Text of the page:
Turkey bombing Kurdish positions in Iraq

Since joining the fight against ISIS directly, Turkey has expended much more effort in bombing Kurdistan Workers Party (PKK) positions. This offensive runs at cross purposes with the strategic reliance that the U.S. led coalition has been placing on Kurdish Peshmerga units in the fight against ISIS.

Turkish jets launched their heaviest assault on Kurdish militants in northern Iraq overnight since air strikes began last week, hours after President Tayyip Erdogan said a peace process had become impossible.

The strikes hit PKK targets including shelters, depots and caves in six areas, a statement from Prime Minister Ahmet Davutoglu’s office said. A senior official told Reuters it was the biggest assault since the campaign started.

Iraq condemned the air strikes as a “dangerous escalation and an assault on Iraqi sovereignty”, saying it was committed to ensuring militant attacks on Turkey were not carried out from within its territory.

Turkey launched near-simultaneous strikes against PKK camps in Iraq and Islamic State fighters in Syria last Friday, in what Davutoglu has called a “synchronized fight against terror”.

Engaging in conflicts on two fronts is a high-risk strategy for the NATO member, leaving it exposed to the threat of reprisals by jihadists and Kurdish militants.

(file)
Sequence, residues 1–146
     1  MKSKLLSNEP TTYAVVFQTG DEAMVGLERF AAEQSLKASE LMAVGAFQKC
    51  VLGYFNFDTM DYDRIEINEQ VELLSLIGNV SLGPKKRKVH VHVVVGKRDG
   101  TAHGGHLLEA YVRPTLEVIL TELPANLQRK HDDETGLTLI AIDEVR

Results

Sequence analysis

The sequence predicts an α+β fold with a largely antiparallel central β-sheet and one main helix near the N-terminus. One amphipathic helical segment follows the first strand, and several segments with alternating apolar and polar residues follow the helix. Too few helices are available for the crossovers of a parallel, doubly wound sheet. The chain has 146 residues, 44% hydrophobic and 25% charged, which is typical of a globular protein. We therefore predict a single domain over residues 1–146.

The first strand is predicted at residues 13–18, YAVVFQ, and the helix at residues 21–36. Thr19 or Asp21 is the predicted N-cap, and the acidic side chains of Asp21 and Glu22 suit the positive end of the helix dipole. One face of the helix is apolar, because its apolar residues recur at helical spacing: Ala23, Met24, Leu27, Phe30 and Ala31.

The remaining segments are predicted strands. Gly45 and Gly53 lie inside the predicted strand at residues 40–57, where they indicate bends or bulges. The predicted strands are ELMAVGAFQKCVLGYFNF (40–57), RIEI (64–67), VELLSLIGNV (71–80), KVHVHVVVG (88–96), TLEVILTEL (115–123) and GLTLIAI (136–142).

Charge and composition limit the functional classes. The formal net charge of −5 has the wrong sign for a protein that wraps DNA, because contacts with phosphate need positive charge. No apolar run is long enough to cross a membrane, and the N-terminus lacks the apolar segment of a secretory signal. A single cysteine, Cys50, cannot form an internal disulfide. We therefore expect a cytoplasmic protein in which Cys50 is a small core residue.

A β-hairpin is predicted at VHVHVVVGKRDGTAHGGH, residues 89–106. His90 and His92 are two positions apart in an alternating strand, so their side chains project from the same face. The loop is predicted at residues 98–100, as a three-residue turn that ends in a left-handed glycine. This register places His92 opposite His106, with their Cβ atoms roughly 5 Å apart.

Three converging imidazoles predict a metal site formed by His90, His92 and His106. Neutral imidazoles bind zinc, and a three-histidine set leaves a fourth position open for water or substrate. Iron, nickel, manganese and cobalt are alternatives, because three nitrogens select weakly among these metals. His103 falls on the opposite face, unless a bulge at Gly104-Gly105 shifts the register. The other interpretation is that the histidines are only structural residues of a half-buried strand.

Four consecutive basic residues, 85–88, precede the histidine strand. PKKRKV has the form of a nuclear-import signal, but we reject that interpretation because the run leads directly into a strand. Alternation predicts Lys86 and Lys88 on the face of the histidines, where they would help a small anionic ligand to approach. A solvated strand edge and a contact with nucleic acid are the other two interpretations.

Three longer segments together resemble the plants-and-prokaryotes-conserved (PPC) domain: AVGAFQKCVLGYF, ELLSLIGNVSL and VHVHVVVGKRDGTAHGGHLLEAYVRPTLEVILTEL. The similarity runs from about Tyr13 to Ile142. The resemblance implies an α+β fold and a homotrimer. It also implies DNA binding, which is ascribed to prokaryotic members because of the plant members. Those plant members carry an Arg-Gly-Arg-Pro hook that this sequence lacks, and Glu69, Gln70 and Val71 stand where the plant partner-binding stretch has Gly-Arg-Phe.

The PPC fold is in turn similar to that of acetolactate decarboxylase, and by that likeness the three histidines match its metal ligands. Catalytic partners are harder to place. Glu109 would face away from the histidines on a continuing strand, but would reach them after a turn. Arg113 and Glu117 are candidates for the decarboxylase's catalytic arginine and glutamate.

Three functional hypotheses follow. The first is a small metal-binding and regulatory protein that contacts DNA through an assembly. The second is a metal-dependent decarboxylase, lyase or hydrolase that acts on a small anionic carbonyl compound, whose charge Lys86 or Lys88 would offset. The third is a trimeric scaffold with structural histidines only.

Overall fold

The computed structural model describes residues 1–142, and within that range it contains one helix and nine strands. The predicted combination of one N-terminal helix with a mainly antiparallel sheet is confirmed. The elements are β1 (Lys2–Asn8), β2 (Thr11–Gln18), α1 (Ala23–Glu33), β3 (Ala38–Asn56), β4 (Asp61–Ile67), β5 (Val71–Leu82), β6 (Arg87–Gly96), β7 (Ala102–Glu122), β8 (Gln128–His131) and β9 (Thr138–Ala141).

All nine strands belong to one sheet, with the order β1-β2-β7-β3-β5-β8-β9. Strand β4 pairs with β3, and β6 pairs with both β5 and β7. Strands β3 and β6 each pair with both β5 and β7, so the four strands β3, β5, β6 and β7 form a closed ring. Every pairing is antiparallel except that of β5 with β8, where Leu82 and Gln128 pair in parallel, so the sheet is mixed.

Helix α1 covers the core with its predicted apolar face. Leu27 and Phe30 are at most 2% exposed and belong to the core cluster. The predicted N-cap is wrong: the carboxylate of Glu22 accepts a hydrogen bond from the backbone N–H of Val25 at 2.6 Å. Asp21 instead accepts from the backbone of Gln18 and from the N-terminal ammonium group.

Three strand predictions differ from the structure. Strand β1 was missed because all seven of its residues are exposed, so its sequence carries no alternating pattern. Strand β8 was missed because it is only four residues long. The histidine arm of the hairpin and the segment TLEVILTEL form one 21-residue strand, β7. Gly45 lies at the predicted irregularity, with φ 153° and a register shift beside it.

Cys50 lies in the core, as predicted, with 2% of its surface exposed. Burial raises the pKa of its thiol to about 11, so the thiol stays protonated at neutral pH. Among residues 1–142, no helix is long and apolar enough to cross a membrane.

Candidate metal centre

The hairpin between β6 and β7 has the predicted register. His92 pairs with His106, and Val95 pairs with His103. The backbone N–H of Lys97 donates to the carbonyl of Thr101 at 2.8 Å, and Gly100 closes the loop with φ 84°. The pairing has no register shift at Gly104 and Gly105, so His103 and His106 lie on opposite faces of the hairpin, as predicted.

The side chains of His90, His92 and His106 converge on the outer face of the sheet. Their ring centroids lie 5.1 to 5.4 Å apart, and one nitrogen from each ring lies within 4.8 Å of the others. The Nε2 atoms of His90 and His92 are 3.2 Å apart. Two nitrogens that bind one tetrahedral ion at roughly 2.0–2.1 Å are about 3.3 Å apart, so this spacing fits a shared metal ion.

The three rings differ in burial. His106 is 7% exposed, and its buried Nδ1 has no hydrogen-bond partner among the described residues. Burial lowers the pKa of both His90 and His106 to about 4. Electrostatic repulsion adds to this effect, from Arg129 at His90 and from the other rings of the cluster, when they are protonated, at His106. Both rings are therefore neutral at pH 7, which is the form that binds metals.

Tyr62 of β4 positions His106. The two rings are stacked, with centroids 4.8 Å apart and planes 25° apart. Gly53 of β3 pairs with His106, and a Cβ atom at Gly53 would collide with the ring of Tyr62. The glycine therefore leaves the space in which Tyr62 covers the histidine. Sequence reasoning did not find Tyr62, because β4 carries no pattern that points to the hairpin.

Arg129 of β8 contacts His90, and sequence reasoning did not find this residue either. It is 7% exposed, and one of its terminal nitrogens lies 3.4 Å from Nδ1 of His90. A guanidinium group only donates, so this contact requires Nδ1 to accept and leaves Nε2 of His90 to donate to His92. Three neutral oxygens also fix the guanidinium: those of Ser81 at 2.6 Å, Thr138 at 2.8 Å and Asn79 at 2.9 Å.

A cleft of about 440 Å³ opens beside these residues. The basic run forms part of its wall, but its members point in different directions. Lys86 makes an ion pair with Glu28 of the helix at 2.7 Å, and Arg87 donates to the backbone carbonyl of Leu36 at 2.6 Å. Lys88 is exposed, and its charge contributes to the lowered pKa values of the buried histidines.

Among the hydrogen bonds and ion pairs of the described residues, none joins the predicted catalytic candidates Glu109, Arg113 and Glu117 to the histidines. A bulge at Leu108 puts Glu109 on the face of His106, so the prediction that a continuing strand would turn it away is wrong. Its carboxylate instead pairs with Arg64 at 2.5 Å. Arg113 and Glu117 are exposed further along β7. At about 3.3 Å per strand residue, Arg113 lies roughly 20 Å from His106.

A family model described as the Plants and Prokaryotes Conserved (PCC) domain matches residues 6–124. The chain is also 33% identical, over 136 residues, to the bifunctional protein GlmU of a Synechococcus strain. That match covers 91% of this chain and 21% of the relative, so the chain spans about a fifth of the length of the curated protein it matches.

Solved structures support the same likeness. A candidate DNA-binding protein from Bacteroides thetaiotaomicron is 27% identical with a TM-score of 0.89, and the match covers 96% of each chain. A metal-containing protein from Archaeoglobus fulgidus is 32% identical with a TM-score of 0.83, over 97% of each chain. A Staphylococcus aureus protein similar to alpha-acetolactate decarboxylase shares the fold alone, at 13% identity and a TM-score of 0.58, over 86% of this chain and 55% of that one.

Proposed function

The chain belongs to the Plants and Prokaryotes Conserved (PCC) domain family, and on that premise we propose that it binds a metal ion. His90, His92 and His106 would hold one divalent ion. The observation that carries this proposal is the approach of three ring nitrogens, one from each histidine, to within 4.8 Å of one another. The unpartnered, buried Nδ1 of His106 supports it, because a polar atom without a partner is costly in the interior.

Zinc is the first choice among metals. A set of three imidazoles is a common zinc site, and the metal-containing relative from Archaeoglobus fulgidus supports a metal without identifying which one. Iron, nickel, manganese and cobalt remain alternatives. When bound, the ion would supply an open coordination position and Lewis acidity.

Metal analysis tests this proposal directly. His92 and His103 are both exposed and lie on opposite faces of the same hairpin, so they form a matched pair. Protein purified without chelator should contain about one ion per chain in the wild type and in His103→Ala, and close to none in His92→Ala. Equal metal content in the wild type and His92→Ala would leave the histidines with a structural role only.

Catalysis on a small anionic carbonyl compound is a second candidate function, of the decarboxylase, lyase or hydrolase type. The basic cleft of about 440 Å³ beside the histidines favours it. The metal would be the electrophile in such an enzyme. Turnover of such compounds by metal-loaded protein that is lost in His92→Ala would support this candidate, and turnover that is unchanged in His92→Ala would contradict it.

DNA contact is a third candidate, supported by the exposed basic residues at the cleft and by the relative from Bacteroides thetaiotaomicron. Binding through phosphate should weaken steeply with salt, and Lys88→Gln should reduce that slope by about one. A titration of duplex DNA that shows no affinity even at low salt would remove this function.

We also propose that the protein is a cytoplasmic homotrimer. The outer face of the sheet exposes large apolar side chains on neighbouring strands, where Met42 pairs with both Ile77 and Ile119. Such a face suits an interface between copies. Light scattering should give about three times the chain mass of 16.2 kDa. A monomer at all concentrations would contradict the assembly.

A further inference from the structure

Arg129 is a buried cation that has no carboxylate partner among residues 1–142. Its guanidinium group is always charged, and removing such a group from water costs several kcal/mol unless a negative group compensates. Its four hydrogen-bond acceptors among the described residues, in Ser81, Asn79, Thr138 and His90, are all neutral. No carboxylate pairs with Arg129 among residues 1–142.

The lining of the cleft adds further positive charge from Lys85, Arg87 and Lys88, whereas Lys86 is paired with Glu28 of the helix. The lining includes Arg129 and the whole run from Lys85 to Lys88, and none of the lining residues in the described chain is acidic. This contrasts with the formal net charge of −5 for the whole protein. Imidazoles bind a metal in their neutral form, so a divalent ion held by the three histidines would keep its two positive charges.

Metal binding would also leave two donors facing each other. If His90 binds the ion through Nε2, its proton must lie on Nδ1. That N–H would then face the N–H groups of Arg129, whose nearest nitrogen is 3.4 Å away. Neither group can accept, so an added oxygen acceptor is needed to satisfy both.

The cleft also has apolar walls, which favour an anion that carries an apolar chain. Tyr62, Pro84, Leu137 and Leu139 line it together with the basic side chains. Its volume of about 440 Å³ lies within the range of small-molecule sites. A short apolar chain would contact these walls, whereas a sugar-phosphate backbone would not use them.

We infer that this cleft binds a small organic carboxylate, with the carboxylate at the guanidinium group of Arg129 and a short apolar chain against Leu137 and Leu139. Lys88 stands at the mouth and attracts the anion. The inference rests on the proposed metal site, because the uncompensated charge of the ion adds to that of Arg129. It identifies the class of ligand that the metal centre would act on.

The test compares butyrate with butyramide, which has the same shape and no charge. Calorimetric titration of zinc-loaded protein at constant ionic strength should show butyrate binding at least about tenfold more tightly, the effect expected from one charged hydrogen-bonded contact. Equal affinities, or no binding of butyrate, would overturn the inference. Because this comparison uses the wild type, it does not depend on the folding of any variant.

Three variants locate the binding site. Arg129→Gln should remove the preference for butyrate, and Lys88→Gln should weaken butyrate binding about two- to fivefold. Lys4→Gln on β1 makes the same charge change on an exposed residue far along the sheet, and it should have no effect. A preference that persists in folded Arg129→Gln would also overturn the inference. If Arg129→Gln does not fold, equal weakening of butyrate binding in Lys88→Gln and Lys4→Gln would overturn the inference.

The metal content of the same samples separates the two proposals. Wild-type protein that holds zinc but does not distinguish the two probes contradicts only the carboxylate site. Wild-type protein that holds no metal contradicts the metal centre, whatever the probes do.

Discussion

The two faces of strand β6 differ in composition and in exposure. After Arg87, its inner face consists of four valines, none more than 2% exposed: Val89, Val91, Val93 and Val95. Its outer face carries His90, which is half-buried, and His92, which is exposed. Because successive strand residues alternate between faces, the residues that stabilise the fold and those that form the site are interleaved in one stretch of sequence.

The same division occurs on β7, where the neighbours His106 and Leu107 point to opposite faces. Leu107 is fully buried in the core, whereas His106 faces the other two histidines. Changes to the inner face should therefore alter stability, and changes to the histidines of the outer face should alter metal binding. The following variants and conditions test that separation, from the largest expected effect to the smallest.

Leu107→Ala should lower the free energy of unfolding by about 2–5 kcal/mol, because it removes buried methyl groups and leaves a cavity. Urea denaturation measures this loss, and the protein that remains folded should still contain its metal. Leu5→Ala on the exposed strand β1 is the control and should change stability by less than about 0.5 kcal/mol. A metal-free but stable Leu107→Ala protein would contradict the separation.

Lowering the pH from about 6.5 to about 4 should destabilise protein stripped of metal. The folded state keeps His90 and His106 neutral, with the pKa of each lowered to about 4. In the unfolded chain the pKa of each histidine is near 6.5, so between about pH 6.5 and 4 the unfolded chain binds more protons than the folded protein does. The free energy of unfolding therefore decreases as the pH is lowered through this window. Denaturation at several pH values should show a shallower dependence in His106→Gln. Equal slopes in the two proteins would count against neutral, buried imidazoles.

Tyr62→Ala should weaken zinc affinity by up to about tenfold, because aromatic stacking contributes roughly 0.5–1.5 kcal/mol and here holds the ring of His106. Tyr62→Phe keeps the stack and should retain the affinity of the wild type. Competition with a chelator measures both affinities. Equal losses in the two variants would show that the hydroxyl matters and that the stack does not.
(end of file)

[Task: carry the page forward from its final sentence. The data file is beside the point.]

NATO has given full political support to Turkey’s fight against the PKK, as a rebellion stretching back to 1984 and which has seen over 40,000 die appears to be flaring back up. Recent targeted assassinations by suspected PKK have left 5 soldiers and policemen dead near the Turkey-Iraqi-Syrian border. The recent violence breaks the ceasefire that had been successfully in place since March 2013.

Some supporters of the PKK, including members of the pro-Kurdish opposition HDP party, say the offensive is an attempt by Turkish President Tayyip Erdogan to crush his biggest political rivals. The HDP recently won a 13 percent minority in the parliament and Erdogan’s own party must now try and form a coalition to rule, a circumstance that no doubt irks Erdogan.

Giving additional credence to this theory is the fact that Erdogan’s AK Party is set to introduce legislation in the very near future to expel any pro-Kurdish members from parliament, which would virtually eliminate the HDP party outright.